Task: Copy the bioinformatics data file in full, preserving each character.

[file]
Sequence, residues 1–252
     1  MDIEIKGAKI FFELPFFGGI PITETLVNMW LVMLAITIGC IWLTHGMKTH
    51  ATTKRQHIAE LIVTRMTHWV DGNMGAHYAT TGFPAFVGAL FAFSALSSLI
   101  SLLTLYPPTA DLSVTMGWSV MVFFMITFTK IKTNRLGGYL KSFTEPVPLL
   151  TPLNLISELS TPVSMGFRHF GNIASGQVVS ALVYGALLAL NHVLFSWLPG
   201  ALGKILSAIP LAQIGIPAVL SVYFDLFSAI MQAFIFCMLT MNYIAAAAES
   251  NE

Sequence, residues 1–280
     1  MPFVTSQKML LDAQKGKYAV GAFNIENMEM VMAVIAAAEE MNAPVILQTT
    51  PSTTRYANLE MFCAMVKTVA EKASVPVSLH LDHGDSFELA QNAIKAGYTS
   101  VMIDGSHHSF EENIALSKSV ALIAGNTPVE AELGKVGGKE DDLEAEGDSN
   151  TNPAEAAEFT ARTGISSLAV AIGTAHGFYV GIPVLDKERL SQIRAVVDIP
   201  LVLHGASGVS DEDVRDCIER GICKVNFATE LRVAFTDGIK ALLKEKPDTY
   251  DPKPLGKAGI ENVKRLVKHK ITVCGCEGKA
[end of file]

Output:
Sequence, residues 1–252
     1  MDIEIKGAKI FFELPFFGGI PITETLVNMW LVMLAITIGC IWLTHGMKTH
    51  ATTKRQHIAE LIVTRMTHWV DGNMGAHYAT TGFPAFVGAL FAFSALSSLI
   101  SLLTLYPPTA DLSVTMGWSV MVFFMITFTK IKTNRLGGYL KSFTEPVPLL
   151  TPLNLISELS TPVSMGFRHF GNIASGQVVS ALVYGALLAL NHVLFSWLPG
   201  ALGKILSAIP LAQIGIPAVL SVYFDLFSAI MQAFIFCMLT MNYIAAAAES
   251  NE

Sequence, residues 1–280
     1  MPFVTSQKML LDAQKGKYAV GAFNIENMEM VMAVIAAAEE MNAPVILQTT
    51  PSTTRYANLE MFCAMVKTVA EKASVPVSLH LDHGDSFELA QNAIKAGYTS
   101  VMIDGSHHSF EENIALSKSV ALIAGNTPVE AELGKVGGKE DDLEAEGDSN
   151  TNPAEAAEFT ARTGISSLAV AIGTAHGFYV GIPVLDKERL SQIRAVVDIP
   201  LVLHGASGVS DEDVRDCIER GICKVNFATE LRVAFTDGIK ALLKEKPDTY
   251  DPKPLGKAGI ENVKRLVKHK ITVCGCEGKA